Jim Yardley has seen firsthand how the nanotechnology field has exploded over the past decade. “It’s extremely exciting,” says the managing director of Columbia’s Nanoscale Science and Engineering Center. “The work here has helped create a whole new world of research, a completely new field.” The nanotechnology projects Yardley oversees bring together faculty and students from a host of different departments, including chemistry, engineering, biology and physics, to broaden and deepen our understanding of materials at the molecular level.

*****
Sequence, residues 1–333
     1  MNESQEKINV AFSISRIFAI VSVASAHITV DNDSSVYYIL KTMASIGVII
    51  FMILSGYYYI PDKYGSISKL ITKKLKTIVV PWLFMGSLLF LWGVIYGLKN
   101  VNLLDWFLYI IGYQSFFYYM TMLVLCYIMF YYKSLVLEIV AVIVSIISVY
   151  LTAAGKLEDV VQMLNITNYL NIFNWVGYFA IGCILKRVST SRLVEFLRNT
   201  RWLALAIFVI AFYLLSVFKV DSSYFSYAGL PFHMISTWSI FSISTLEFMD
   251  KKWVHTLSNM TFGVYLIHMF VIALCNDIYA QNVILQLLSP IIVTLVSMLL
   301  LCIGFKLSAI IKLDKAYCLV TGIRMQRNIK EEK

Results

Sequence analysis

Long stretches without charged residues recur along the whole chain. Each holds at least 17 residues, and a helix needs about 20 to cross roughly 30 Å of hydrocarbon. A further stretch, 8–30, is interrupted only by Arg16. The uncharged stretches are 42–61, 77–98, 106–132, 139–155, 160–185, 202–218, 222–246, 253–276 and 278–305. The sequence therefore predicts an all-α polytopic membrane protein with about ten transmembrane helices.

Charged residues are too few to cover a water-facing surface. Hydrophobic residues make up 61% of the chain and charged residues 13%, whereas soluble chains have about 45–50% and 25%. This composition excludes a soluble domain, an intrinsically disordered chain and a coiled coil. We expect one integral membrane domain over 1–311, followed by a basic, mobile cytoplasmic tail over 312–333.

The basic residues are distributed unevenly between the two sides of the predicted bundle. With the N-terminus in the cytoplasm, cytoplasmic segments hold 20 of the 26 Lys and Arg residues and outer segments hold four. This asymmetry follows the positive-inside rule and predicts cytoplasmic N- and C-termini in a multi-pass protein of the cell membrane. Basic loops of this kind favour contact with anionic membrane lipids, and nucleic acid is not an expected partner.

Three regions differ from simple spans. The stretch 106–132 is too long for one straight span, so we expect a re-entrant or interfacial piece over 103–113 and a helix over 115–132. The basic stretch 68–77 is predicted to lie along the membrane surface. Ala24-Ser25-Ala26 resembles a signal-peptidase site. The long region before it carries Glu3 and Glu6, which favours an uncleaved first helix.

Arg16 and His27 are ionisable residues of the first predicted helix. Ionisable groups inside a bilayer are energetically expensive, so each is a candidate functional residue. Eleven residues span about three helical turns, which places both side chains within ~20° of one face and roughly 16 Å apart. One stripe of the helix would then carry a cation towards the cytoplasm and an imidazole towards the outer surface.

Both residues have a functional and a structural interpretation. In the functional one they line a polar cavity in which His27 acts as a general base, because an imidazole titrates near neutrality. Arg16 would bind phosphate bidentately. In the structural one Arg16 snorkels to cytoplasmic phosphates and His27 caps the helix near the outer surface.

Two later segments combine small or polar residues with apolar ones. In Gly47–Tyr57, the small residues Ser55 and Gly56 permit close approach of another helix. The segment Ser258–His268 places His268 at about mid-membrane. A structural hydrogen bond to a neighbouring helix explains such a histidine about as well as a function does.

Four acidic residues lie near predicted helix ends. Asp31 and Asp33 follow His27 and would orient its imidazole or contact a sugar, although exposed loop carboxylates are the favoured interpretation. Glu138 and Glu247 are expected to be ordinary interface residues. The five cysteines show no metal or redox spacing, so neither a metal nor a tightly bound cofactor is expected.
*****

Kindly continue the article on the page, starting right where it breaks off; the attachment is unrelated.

Backscatter machines also can be found in the Los Angeles, Chicago and Boston airports and at New York’s JFK.The agency also uses more than 540 millimeter wave scanners, considered a safer option because they don’t rely on radiation. Those machines are in use at Miami and Palm Beach international airports.That prompted a renewed wave of concern in the United States.”Why would you buy a machine that emits radiation if you could buy one that didn’t?” said Broward County Mayor John Rodstrom, a frequent flier who makes it a point to avoid the scanners.At Rodstrom’s urging, the Broward County Commission asked the TSA to consider removing backscatter scanners from the Fort Lauderdale airport unless the agency can prove the machines are safe.TSA: Scanners safeFrom the moment the machines were introduced in Fort Lauderdale, in May 2010, the TSA asserted they are safe for all passengers, emitting less radiation than the amount travelers receive during two minutes of flying in an airliner.”The safety and security of the traveling public is TSA’s number one priority, and TSA would not use technology that could jeopardize the health of passengers or our employees,” agency spokeswoman Sari Koshetz said.However, comparing the scanners’ radiation to that received during an airline flight is “misleading,” according to a group of scientists from the University of California, San Francisco.They said the cosmic radiation that infiltrates airliners is absorbed by the whole body and is thus less dangerous than the low level radiation of the scanners, which permeates only the skin and underlying tissues. In addition to Dauer’s concerns, they said blood and male testicles could be endangered.In a letter to the Obama administration, John Sedat, a professor emeritus in biochemistry and head of the University of California group, said scanner radiation poses a particular risk to those over age 65 and intensifies the danger to people who already have cancer or HIV.